House Budget Committee Chairman Paul Ryan, a Wisconsin Republican, said yesterday on ABC’s “This Week” program that he is crafting an alternative budget that would drive down the deficit through an overhaul of Medicare. Ryan has proposed shifting Medicare to a voucher system, something the Obama administration and congressional Democrats oppose.
While most agency budgets would be frozen or cut, Obama proposed some new spending.
Obama’s six-year transportation proposal would expand inter-city passenger rail and adds new funding for road and bridge repair. The budget would also create a National Infrastructure Bank to lend money for infrastructure projects including a next-generation, wireless broadband network.
The budget includes about $350 billion aimed at boosting the economy, including $30 billion for school modernization and another $30 billion to help states retain teachers and first responders. The plan calls for an estimated $140.8 billion to spur research and development, including a 19 percent increase - - to $2.2 billion -- in spending on advanced manufacturing research and development.
As part of his short-term stimulus efforts, Obama today announced an $8 billion Community College to Career Fund proposal that would link businesses and community colleges to train as many as 2 million workers for jobs in high-growth, high demand industries.
Those areas include health care, advanced manufacturing, transportation, clean energy and information technology, according to the statement. The initiative, part of Obama’s Jan. 24 State of the Union speech, would be administered by the Departments of Education and Labor.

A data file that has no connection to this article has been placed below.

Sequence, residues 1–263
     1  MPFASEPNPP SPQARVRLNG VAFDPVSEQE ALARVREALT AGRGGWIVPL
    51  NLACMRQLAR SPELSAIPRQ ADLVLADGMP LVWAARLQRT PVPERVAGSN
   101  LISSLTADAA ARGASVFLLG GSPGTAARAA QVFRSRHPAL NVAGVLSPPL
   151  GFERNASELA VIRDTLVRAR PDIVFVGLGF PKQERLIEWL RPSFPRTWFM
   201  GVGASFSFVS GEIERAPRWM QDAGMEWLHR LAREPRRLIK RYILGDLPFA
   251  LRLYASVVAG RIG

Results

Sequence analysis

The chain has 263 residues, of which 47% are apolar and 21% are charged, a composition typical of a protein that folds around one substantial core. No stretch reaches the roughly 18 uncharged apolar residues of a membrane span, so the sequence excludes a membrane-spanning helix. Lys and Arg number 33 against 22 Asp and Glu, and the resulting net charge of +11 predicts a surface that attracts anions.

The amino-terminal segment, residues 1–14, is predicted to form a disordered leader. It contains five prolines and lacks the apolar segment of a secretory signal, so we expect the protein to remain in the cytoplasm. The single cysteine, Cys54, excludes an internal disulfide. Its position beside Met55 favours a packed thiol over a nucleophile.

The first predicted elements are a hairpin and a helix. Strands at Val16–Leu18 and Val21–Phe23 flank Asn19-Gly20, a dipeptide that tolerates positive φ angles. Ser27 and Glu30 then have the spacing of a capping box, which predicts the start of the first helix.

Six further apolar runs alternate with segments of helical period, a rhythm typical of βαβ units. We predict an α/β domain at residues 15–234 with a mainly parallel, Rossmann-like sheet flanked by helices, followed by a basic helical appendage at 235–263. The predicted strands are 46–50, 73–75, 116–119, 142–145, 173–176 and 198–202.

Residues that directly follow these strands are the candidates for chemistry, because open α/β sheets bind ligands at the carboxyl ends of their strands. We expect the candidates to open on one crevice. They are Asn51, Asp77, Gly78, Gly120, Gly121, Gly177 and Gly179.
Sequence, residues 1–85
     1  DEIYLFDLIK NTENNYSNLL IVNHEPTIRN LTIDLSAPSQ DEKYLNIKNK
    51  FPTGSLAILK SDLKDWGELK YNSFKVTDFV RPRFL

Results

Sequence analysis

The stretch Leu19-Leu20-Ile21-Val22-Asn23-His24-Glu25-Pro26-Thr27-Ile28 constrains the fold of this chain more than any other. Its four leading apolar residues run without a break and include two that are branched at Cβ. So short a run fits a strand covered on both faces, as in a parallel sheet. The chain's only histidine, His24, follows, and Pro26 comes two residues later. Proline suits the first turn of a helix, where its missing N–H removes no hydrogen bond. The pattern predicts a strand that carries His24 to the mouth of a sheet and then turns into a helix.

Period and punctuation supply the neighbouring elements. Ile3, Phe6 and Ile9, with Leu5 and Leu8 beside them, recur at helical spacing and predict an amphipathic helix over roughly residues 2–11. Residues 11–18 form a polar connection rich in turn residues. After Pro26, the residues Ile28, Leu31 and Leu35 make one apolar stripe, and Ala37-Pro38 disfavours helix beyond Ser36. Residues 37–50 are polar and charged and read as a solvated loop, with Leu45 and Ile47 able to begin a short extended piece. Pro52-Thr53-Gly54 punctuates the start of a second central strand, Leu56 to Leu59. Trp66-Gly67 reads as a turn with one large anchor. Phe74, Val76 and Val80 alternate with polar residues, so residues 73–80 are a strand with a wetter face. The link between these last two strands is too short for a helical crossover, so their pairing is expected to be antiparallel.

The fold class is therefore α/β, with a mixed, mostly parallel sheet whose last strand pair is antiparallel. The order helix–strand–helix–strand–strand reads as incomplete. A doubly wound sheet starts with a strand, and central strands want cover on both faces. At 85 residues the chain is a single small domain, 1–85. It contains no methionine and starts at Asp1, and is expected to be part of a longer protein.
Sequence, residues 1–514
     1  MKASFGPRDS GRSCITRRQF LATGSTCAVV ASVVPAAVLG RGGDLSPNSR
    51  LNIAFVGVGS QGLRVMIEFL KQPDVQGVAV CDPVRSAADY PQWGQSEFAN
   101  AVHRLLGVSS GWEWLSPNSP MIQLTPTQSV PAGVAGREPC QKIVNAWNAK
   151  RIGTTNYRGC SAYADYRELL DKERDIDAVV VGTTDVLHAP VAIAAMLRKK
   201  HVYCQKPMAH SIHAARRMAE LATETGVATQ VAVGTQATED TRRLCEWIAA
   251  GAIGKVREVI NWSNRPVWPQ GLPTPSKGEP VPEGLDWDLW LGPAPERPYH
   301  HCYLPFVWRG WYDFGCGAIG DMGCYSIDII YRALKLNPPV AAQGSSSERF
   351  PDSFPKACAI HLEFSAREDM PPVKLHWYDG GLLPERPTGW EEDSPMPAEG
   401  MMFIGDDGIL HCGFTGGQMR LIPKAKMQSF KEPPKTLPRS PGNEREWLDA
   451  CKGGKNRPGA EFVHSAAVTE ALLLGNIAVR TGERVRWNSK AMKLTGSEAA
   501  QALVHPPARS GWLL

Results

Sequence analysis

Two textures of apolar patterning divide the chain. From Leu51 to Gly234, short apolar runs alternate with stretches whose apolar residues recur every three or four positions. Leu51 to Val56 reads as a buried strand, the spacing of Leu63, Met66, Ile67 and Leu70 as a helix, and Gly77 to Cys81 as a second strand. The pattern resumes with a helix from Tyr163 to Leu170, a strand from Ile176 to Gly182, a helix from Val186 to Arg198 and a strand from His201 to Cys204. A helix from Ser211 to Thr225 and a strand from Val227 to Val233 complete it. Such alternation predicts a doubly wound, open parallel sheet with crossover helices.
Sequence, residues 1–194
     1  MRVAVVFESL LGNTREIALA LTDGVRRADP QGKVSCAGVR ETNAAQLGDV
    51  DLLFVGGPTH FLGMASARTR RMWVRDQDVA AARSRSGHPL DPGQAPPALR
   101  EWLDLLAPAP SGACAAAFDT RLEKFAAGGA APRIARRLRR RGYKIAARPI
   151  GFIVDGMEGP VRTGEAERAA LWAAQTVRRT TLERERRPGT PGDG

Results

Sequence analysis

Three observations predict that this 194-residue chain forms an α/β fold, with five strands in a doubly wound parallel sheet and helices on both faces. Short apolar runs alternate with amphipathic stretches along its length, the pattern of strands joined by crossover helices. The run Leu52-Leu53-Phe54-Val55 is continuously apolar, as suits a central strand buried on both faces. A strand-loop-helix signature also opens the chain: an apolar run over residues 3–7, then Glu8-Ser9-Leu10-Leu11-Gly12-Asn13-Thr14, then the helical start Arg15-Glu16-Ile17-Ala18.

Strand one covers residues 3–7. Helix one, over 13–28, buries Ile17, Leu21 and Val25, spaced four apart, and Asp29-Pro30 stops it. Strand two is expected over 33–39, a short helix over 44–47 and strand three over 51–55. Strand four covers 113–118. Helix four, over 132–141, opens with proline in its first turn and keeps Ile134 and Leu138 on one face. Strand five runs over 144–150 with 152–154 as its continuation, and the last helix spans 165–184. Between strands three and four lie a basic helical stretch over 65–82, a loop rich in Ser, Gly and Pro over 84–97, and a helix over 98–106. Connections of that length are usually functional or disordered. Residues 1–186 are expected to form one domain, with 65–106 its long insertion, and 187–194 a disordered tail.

Obama proposed $850 million for his Race to the Top program to improve school performance, a $301 million increase from fiscal 2012.
The regulators responsible for enacting much of the Dodd-Frank law’s financial-system overhaul would see gains under the president’s proposal.
The Securities and Exchange Commission would receive a 19 percent boost to $1.6 billion. With that $245 million addition, the agency would add 561 employees, including more examiners to focus on hedge funds and more enforcement staff. It also would use a special reserve fund to modernize its website, set up a repository for its planned markets-tracking system and update the EDGAR digital filing system.
The Justice Department also would receive an additional $55 million and create 328 positions to fight financial fraud, including new FBI agents and forensic accountants. The department would receive a total of $700 million to investigate and prosecute past crimes related to the financial crisis and possible future ones including securities and commodities fraud, and investment and mortgage foreclosure scams.
The proposal would again try to get $308 million for the Commodity Futures Trading Commission -- the same amount the president asked for last year. That would be a 50 percent increase from its current $205 million for the main U.S. regulator of the $708 trillion global swaps market after its budget was held almost flat for 2012.
The CFTC would increase its staff by 41 percent to prepare for what it estimates will be a tripling in the number of exchanges and trading platforms under its authority from 2011 to 2013.
Obama also requested $26 million and at least 50 people for a new panel to investigate unfair trade practices by nations including China.
The funds would go to establish an Interagency Trade Enforcement Center that would monitor and enforce trade agreements and laws, according to an administration official. Obama’s request coincides with Chinese Vice President Xi Jinping’s scheduled arrival today for a U.S. visit.